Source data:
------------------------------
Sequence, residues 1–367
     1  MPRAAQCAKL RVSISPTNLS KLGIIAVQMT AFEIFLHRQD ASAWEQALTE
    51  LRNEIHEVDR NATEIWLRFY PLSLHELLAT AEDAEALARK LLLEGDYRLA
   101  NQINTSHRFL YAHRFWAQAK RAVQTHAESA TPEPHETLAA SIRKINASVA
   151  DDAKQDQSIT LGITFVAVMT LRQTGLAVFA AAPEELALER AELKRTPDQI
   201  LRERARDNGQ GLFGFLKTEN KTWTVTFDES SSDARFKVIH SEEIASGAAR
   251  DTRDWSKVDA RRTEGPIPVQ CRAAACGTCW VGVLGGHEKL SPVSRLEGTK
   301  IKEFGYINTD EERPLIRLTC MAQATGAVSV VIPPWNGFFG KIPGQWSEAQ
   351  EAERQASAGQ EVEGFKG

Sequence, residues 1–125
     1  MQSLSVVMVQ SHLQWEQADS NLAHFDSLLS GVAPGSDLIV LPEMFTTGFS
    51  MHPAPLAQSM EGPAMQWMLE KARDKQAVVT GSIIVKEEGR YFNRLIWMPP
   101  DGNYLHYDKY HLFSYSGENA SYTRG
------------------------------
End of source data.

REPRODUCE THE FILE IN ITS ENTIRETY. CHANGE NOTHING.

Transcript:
Sequence, residues 1–367
     1  MPRAAQCAKL RVSISPTNLS KLGIIAVQMT AFEIFLHRQD ASAWEQALTE
    51  LRNEIHEVDR NATEIWLRFY PLSLHELLAT AEDAEALARK LLLEGDYRLA
   101  NQINTSHRFL YAHRFWAQAK RAVQTHAESA TPEPHETLAA SIRKINASVA
   151  DDAKQDQSIT LGITFVAVMT LRQTGLAVFA AAPEELALER AELKRTPDQI
   201  LRERARDNGQ GLFGFLKTEN KTWTVTFDES SSDARFKVIH SEEIASGAAR
   251  DTRDWSKVDA RRTEGPIPVQ CRAAACGTCW VGVLGGHEKL SPVSRLEGTK
   301  IKEFGYINTD EERPLIRLTC MAQATGAVSV VIPPWNGFFG KIPGQWSEAQ
   351  EAERQASAGQ EVEGFKG

Sequence, residues 1–125
     1  MQSLSVVMVQ SHLQWEQADS NLAHFDSLLS GVAPGSDLIV LPEMFTTGFS
    51  MHPAPLAQSM EGPAMQWMLE KARDKQAVVT GSIIVKEEGR YFNRLIWMPP
   101  DGNYLHYDKY HLFSYSGENA SYTRG